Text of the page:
Weekend reading

Al Woodworth on October 09, 2020
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Weekend reading

This weekend the editors are reading all sorts of books—we've got novels centered on getaway drivers; a Jewish detective in Nazi Berlin; there's a new story by Chimamanda Ngozi Adiche about Black motherhood; "a witty and lionhearted" memoir; and a nostalgic work of nonfiction that's bringing Chris back to Mexico.

As Amazon Book Editors we're lucky enough to call reading work, but this weekend, I think it's safe to say we're basking in the glory of our nine to five. Here's what we're reading this weekend.


Blacktop Wasteland by S. A. Cosby

Vannessa has been raving about this one since the summer and I downloaded the audio earlier this week. And I can't stop listening. Cosby's novel combines murder, heists, family loyalty, and a flawed protagonist you can't help but root for. Beauregard “Bug” Montage used to be the best getaway driver on the East Coast, just like his dad, but now Beauregard has gone straight; just trying to get by and provide for his family as the owner of a repair shop. Until the past and some very large bills come calling. I’m both dying to see how the story ends, and already sad it will be over. At least now I know what to start next: Cosby's My Darkest Prayer. —Seira Wilson


Why Be Happy When You Could Be Normal? by Jeanette Winterson

Sunday is National Coming Out Day and I’m going to commemorate it by revisiting Jeanette Winterson’s witty and lionhearted memoir, Why Be Happy When You Could Be Normal?. This wasn’t the first of Winterson’s books to broach her fraught upbringing under the “care” of a religious zealot who couldn’t abide her daughter’s bent towards “unnatural passions.” She did that in her brilliant debut novel, Oranges Are Not the Only Fruit. Of her decision to initially process this traumatic chapter of her life in fiction, Winterson said: “I wrote a story I could live with. The other one was too painful. I could not survive it." Luckily she eventually figured out that you don’t, in fact, have to be normal (whatever that means) to be happy. Here’s to everyone who has come to this courageous conclusion, and especially those who haven’t quite yet. —Erin Kodicek


Germania by Harald Gilbers

I just started Germania and now I can't wait for the weekend, and the time to finish this engrossing detective story. It's Berlin, in 1944, and Jewish detective Richard Oppenheimer is roused from his bed in the wee hours by the SS, who drive him to view the handiwork of a killer who's been killing and mutilating women, then posing them near Nazi war memorials. Once a successful investigator for the Berlin police, the only thing keeping Oppenheimer from the camps is his marriage to a non-Jewish woman, and now, maybe, this case. But the other boot could drop at any minute. Tense and atmospheric, this story of a man—and a city—under siege has me hooked. —Vannessa Cronin


On the Plain of Snakes by Paul Theroux

Mexico has become one of my family's favorite places, but with the pandemic and now Hurricane Delta, our plans to meet friends in a small town there in early 2021 are up in the air at best. This weekend I am going to read a few chapters of a book I enjoyed last year, Paul Theroux's On the Plain of Snakes: A Mexican Journey. Many of us are missing travel, and missing the chance to experience different people and places. Theroux is taking me to Mexico this weekend. —Chris Schluep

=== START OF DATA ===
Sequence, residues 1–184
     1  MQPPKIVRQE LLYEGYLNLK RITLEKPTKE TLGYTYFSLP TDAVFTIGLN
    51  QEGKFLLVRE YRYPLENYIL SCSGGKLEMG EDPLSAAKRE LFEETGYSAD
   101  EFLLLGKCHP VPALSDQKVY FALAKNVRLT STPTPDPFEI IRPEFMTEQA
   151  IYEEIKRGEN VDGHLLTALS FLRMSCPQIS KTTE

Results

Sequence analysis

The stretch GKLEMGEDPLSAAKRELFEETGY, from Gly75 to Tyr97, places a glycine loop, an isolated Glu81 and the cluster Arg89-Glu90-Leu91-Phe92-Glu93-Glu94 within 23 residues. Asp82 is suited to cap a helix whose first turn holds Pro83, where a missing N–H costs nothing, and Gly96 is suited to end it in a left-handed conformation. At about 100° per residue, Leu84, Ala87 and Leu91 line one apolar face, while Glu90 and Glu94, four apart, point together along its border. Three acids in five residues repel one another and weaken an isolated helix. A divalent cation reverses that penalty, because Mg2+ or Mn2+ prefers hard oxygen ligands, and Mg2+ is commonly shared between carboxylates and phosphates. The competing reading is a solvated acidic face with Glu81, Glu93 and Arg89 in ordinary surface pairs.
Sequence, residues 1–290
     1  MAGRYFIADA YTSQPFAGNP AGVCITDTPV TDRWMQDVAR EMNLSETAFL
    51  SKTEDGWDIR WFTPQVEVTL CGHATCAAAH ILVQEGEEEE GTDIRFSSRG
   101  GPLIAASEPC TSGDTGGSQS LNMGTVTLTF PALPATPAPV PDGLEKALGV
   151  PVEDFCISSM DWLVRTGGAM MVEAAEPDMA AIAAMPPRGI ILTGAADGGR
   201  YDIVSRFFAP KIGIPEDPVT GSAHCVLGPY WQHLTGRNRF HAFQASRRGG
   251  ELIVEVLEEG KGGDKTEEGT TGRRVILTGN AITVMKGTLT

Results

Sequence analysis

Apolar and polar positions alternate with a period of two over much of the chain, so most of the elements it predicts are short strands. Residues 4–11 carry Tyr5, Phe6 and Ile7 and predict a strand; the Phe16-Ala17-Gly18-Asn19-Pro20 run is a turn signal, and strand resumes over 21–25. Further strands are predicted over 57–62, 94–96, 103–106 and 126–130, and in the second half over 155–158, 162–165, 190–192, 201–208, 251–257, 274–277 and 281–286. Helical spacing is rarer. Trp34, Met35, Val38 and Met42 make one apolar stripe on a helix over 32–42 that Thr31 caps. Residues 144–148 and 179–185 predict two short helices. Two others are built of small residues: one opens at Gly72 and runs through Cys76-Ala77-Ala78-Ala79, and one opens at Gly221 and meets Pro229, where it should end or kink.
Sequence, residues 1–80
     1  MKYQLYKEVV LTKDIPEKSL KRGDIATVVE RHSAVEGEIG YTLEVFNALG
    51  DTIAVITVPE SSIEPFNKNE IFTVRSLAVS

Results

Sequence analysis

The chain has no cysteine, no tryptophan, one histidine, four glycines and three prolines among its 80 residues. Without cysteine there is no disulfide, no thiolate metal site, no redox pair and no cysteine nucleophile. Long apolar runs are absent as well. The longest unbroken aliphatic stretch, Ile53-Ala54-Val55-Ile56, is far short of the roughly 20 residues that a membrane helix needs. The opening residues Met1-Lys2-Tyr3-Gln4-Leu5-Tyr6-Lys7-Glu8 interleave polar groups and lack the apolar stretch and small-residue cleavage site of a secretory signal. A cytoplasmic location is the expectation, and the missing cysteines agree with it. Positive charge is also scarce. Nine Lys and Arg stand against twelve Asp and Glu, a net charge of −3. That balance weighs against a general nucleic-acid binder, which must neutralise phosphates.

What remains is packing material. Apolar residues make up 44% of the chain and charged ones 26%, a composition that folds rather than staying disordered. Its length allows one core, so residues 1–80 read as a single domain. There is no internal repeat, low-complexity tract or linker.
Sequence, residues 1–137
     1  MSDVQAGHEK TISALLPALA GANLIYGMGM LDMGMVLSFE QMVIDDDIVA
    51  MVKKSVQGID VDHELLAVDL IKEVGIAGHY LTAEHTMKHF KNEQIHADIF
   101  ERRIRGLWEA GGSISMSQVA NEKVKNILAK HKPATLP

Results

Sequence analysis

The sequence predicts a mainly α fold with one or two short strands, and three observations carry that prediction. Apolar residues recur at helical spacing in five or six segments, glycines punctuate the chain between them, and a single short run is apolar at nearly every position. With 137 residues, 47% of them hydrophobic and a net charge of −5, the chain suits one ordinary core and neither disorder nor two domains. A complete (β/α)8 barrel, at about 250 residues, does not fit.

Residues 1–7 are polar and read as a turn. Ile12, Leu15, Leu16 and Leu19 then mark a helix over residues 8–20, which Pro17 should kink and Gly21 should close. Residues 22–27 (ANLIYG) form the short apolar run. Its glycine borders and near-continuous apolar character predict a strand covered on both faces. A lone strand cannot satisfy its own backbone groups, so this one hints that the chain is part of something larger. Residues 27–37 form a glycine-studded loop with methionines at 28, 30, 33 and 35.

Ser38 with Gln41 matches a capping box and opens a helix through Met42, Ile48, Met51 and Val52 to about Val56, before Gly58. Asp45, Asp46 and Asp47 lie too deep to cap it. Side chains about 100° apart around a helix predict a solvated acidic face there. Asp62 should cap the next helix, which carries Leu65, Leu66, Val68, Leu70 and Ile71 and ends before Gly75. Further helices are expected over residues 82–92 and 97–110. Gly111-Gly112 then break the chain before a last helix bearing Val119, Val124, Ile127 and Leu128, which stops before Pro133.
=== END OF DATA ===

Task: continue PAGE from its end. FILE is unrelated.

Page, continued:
White Tears/Brown Scars: How White Feminism Betrays Women of Color by Ruby Hamad

Last weekend I read an early copy of Ijeoma Oluo’s Mediocre: The Dangerous Legacy of White Male America (Dec. 1), and the whole way through I was thinking, “Yes, and yes, and yes,” and highlighting passages like crazy on my Kindle. But I’m not a white male American; I’m a white female American (despite my male Chinese name). Which means that while I learned a whole lot in Mediocre, I didn’t have to overcome any kind of knee-jerk defensiveness to absorb Oluo’s points. And so now I’m reading Ruby Hamad’s White Tears/Brown Scars, which focuses squarely on how white femininity and white feminism have been developed as weapons against people of color. I started it yesterday, and so far I’m thinking, “OMG, she’s right. OMG, she’s right! OMG! SHE’S RIGHT!!” and highlighting passages like crazy on my Kindle—and I can’t wait to get back to reading it during, ironically or appropriately, the weekend before Columbus Day. —Adrian Liang


Zikora by Chimamanda Ngozi Adichie

Chimamanda Ngozi Adichie is coming out with a new work of fiction! Announced this week, Zikora, is her first fictional story since the publication of Americanah in 2007. Like her bestselling and award-winning novel, Zikora dives into Black female identity, but this time Adichie focuses on motherhood. The story opens with Zikora in the hospital about to give birth—as she labors through the pain, her mind races through questions about maternal mortality for Black women, the relationship with the father of her baby, and how men cannot know the pain of childbirth or understand women's sexuality. Suffice to say, I'm hooked and I can't wait to read the rest this weekend—I just fear it will be over just as I'm falling head over heels for it. —Al Woodworth


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